From the (parent) car company that just announced a ringtone emulating the signature growl of a Ford Mustang comes the promise of a car company more tuned into mobility and connectedness than ever before.
“We feel that automotive companies will continue to evolve and look less like automotive companies and more as companies that are connected with today’s tech cycle,” Raj Rao, CEO of Ford Smart Mobility (FSM), said during an online webinar Wednesday.
In terms of cybersecurity, Rao declined to comment specifically on connectivity to vehicles, referencing some of the famous hacking scenarios, but on another level, “in FSM, we are in partnership with some of the larger tech companies” that are putting data in the cloud and maintaining it with Ford.
While FSM wants to safeguard data and prevent it from getting into the wrong hands, it doesn’t want to do that in a way that makes data unavailable to share.
“Our purpose is to make data safe to share and make that data more valuable because of sharing,” he said. “I think it’s one thing to say can we protect all that data and prevent someone from accessing it. We want to continue doing that but we also want to answer the second question, which is OK, if you’re doing that really well, how do you make that data shareable, so other participants have permission to access that data and collaborate on that data that it’s done in a way that’s safeguarded as well."
“I think the mobility of data is just as important as the security of data and we’re working a lot on making that data secure as it moves through a value chain,” he said.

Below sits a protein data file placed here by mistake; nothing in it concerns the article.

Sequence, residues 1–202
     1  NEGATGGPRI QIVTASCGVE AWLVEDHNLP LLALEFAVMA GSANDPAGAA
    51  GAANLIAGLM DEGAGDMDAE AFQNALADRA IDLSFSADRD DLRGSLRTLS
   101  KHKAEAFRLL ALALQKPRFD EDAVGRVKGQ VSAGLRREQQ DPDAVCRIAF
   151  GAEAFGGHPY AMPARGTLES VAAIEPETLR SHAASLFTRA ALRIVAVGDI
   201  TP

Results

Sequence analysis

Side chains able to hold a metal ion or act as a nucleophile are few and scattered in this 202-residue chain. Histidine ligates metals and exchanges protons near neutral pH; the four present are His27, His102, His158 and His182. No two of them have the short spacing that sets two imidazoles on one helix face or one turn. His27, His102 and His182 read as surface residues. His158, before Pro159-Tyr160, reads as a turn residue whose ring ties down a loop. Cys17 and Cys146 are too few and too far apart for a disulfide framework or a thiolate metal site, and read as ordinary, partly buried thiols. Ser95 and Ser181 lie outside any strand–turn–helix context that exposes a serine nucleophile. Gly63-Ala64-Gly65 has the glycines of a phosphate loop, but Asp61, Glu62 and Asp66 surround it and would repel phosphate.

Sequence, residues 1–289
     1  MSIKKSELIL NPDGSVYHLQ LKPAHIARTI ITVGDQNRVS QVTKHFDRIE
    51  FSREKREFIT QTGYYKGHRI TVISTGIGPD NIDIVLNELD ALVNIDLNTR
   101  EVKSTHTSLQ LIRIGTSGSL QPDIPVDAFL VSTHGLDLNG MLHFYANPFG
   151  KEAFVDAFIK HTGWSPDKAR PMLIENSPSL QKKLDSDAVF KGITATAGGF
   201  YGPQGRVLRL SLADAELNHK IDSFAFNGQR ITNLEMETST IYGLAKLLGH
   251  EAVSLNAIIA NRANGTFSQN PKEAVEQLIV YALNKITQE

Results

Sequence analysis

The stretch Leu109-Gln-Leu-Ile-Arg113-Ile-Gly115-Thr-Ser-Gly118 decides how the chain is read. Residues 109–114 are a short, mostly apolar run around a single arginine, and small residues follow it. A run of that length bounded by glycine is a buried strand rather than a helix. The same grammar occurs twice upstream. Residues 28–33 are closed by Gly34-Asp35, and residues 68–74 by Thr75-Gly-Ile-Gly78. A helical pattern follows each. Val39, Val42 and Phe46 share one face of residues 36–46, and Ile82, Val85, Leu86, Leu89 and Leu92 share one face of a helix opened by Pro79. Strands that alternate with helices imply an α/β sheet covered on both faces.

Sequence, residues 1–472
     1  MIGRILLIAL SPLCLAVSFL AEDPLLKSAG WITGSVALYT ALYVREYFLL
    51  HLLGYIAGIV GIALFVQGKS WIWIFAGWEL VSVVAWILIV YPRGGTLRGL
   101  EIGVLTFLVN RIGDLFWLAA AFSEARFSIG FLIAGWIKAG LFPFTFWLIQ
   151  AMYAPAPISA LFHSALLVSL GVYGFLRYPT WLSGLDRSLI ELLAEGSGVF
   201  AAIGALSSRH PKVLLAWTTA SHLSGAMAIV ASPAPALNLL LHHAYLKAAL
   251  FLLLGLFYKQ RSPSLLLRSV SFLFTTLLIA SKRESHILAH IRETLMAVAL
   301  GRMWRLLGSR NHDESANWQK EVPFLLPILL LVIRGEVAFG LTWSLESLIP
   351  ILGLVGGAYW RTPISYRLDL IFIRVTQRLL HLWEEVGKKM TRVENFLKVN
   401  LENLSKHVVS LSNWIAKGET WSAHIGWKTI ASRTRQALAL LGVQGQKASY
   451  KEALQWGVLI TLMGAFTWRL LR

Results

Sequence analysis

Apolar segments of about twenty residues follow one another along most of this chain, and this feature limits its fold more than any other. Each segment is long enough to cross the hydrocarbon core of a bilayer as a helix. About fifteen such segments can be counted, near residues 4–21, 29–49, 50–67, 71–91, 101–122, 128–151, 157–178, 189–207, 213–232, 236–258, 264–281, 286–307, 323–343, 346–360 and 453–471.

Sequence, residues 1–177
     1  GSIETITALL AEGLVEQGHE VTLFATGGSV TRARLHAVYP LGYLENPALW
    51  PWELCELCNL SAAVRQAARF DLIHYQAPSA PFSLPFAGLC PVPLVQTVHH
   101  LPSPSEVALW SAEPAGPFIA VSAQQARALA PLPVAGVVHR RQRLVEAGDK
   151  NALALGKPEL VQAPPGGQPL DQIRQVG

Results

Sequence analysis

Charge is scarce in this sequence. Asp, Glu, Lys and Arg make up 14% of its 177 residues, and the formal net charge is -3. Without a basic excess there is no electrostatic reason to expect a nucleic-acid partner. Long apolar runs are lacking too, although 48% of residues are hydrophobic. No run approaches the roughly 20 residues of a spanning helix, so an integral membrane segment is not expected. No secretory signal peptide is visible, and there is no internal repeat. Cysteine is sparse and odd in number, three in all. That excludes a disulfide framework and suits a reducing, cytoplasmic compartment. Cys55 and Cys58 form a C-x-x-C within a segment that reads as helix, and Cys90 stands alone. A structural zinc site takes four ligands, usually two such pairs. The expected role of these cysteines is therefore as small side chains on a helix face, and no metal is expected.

Ford announced last month that it is investing $200 million for another advanced data center to support the company’s expansion to an auto and a mobility company. It is the second of two new data centers Ford is building in Michigan, as the company expects its data usage to increase 1,000%—driven by manufacturing and business needs and new mobility services, such as more connected, autonomous and electrified vehicles.
The second new data center will be located at Ford’s Flat Rock Assembly Plant in Michigan, where the company is investing $700 million and adding 700 direct new jobs—announced in January—to create a factory capable of producing high-tech electrified and autonomous vehicles.
FSM was created just over a year ago to act like a startup, with operations in both Palo Alto, California, and Dearborn, Michigan. Rao was named CEO last September; his background includes a stint as VP of digital business model innovation at 3M, where he led the company’s internet of things projects. Earlier in his career he co-created Redberri, an open source XML-based middleware system for connecting systems not originally designed to talk to each other, and he holds several patents for Vivo, a wireless fitness management product.
Rao discussed the need to have a deeper involvement with cities and the importance of engaging with stakeholders like transportation, transit and city planning departments, but he wasn’t asked about the specific technologies that will be used to connect everything.
Ford is a member of the Alliance of Automobile Manufacturers, which has been an advocate for Vehicle-to-Vehicle (V2V) communication technology using Dedicated Short Range Communications (DSRC) that operates within the 5.9 GHz band.
Ford has said it’s making progress toward its goal of having a high-volume, fully autonomous vehicle for ride-sharing or ride-handling services starting in 2021.